Friday--October 18, 2002—Ground
Zero Plus 401
Bomb Korea & Iraq With
Pledges Of Vigilance
Editor, New York City Combat Correspondent News
GROUND ZERO, New York
City, October 18 -- It's a shell game. You watch the pea
under the shell being whipped around by the master of deception--sure you
have your eye on the one covering it. But when the con man lifts the
shell you are sure contains the pea--nothing. You lose.
I felt kind of like the guy watching
the shells being whisked about and finding my shell empty this morning
when I read the headlines about North Korea suddenly having nuclear
As I recall it, we lost 54,246 American lives in
the Korean war(1950-1953), and mobilized over 5.7 million troops in the
Armed Forces fighting and supporting the war. That's a stark
contrast to the 500,000 troops deployed in the Gulf War and the 148 battle
deaths reported by the U.S. and an estimated 10,000 deaths for the Iraqis.
Measuring just the blood lost of 54,246 versus
148, it would seem the scales are tipped over North Korea being a far more
Terroristic State than Iraq--at least from historic viewpoint, that is.
At eight pints of blood per person, our dead
fighting the Korea War accounted for 433,968 pints versus 1,184 in the
Gulf War. It would seem our attention toward Iraq as the
leading international Terrorist would pale compared to North Korea--at
least if measured by blood loss.
And if anyone might hold a grudge
against the United States, it might be North Korea who lost over 500,000
soldiers in the war, and an estimated 2.5 million civilian deaths.
Adding fuel to the fire, the Chinese are estimated to have lost 1 million
soldiers supporting North Korea's fight.
Like many Americans, I was tossed off
center this morning when the headlines blared out that our ally, Pakistan,
had given North Korea the tools to expand its nuclear capacity.
Pakistan even tested North Korean missiles, helping streamline their
ability to send nuclear holocaust to whomever threatened them, or, to whom
they wished to threaten.
Does this mean we need to swivel our guns
away from Saddam and aim them at North Korea?
Or does it mean we now can replace Saddam
Hussein's "face of evil" with the likeness of Kim Jong-il, the North
On January 29 during his State of the Union
speech, President Bush called North Korea an "evil" nation, accusing it of
seeking to develop chemical, biological and nuclear weapons, as well as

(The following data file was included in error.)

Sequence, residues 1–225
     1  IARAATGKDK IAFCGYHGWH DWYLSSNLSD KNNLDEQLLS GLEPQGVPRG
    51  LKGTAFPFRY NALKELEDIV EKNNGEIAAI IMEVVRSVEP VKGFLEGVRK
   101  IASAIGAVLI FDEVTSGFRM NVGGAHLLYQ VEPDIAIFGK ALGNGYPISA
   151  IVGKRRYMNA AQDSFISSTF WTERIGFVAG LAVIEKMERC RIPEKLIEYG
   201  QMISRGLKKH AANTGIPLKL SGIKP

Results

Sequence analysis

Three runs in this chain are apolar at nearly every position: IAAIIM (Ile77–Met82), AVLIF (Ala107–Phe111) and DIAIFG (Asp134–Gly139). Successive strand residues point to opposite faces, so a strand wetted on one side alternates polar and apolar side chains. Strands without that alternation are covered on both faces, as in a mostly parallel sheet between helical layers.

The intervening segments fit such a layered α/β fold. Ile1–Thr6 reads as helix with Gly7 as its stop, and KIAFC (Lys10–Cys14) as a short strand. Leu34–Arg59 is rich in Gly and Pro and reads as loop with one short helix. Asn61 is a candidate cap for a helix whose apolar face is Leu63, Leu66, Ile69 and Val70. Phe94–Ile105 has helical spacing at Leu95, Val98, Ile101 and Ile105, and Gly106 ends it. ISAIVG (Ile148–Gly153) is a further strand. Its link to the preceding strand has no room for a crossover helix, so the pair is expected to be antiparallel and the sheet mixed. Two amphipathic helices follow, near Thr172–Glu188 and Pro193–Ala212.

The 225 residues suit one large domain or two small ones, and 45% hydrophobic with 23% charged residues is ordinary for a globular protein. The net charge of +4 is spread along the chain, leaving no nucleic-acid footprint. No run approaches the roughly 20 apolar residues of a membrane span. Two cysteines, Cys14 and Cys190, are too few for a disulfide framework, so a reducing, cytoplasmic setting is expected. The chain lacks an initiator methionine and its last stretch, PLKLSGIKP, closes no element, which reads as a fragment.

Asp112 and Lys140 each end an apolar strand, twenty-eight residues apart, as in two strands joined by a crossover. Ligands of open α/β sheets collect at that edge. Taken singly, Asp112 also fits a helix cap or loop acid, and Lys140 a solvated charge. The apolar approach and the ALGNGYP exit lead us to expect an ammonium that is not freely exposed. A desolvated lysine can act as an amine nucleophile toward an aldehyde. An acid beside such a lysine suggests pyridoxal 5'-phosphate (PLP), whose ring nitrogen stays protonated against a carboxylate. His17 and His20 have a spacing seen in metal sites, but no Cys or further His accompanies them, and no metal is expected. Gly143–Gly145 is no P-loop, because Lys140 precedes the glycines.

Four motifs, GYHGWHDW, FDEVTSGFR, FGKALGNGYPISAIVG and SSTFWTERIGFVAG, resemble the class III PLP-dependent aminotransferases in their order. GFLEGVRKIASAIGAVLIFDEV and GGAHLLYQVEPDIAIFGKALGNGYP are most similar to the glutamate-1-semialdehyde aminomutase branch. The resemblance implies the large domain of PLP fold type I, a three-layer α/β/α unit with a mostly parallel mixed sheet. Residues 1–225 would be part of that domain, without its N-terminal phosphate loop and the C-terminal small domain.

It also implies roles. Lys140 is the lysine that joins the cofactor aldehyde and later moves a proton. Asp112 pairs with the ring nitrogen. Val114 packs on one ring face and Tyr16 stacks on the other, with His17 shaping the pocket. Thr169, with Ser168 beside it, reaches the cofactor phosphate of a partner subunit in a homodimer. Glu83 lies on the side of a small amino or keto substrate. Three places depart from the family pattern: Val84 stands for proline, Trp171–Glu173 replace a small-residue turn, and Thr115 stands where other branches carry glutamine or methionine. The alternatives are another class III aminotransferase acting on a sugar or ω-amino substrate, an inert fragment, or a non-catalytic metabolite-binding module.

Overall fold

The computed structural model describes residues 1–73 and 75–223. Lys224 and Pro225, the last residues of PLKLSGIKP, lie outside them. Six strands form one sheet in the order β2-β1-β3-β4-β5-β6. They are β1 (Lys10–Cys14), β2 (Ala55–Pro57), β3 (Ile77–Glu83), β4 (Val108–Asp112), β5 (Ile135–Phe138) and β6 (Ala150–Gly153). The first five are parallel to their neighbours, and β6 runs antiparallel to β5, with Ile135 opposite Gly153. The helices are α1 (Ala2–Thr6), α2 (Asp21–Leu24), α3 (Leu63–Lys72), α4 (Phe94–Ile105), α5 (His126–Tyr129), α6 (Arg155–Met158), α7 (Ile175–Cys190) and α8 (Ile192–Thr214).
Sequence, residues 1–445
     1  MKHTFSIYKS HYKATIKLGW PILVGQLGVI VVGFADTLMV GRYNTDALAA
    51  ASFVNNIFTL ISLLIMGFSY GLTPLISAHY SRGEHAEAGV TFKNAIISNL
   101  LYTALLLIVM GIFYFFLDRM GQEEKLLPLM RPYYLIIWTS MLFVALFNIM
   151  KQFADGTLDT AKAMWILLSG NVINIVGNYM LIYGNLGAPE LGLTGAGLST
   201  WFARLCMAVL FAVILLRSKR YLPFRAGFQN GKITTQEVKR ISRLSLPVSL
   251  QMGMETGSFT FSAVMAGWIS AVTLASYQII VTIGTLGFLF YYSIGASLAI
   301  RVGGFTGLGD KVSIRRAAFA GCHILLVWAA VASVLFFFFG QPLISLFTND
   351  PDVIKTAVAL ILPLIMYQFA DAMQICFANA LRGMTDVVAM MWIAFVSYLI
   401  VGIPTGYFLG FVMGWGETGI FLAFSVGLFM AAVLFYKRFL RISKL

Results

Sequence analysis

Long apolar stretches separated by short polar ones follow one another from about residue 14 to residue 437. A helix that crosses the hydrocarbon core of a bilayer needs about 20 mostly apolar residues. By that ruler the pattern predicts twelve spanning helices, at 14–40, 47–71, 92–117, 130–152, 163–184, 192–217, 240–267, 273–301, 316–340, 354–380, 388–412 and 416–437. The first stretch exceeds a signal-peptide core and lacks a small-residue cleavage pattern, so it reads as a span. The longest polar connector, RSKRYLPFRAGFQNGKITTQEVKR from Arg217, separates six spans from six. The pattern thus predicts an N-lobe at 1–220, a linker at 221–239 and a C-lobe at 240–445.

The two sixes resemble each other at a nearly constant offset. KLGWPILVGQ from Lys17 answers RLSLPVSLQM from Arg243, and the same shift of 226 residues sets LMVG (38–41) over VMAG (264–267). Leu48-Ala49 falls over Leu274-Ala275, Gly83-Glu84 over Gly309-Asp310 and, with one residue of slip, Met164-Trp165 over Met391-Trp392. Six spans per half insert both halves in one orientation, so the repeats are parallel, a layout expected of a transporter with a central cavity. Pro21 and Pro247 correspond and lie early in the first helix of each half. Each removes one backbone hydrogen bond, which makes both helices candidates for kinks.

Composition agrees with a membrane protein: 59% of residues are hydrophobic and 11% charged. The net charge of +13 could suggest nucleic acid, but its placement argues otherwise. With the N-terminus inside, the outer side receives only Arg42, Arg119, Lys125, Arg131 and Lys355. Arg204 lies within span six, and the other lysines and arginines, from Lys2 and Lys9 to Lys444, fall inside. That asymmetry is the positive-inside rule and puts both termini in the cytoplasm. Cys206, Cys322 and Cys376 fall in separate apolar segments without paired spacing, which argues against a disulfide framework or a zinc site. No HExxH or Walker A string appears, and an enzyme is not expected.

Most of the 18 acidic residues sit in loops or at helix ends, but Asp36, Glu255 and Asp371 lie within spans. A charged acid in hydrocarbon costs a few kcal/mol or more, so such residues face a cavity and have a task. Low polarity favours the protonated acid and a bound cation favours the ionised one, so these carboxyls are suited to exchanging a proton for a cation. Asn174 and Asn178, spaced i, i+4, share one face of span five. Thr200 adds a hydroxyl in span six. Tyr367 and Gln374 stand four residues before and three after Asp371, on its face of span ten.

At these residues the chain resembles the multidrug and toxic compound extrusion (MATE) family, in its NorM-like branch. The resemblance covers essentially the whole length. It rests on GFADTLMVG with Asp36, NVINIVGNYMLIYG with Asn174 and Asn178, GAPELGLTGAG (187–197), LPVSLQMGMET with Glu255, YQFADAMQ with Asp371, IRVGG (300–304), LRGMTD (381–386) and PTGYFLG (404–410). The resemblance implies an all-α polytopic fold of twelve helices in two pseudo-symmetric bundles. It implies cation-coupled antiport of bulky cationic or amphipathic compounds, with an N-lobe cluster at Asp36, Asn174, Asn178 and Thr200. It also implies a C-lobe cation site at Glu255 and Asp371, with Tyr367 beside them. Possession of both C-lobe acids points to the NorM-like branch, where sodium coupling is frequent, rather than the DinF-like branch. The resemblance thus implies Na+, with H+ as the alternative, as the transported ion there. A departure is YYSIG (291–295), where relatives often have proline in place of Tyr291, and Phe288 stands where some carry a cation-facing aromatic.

selling missiles to rogue states.
North Korea's announcement of its nuclear
capabilities throws a wrench into the plans America has of using "nuclear
threat" as a primary reason for attacking Iraq. By all
standards of "threat elimination," we should be mobilizing against North
Korea. We already have nearly a half million pints of blood
invested in that country.
Complicating matters is the recent
negotiations between North and South Korea to stabilize relations. And, of
course, there is China standing behind North Korea--it's big brother who
lost 8,000,000 pints of blood against the Americans in the Korean War.
More will be revealed when China's president, Jiang Zemin, meets with
President Bush next week at Bush's ranch.
Kim Jong-il and
George W. Bush
If the battle of Terrorism
were a chess game, it appears America is being checked by Korea's
flaunting of its nuclear capacity. What to do?
It seems to me that the idea of a War
on Terrorism fought by a single nation or limited numbers in an attempt to
quash them into submission is turning out to be a rabbit chase--no sooner
do you drive one rabbit out of a hole and send the dogs in chase than
another pops out and heads in another direction. As heads
swivel and policy pundits rush to refocus strategy to maximize support,
the circus ring fills with players.
Who will pop up next?
From my perspective, the battle
against Terrorism is not about smashing the "evil ones" with sledgehammers
from afar, but rather rallying the Parents of Vigilance from within.
proliferation threatens the entire world, not just a few nations.
Access to such unlimited power creates a forum for abuse of power.
And the people most concerned about that abuse should be the citizens of
each nation more than those outside its borders. If there were
a nuclear war, the epicenter would certainly be those with the weapons.
The key solution, I believe, is to
attack the conscience of the people--the mothers, fathers, grandparents,
brothers, sisters, uncles, aunts, cousins and loved ones of the children.
Only when a revolution of spirit rises up from the grass roots of any
nation does real change occur. Imposing change from outside creates
resentment, and sets back the "right of individuals" to command their
If we bomb Iraq or North
Korea, it should be with Pledges of Vigilance.
Days From Ground Zero
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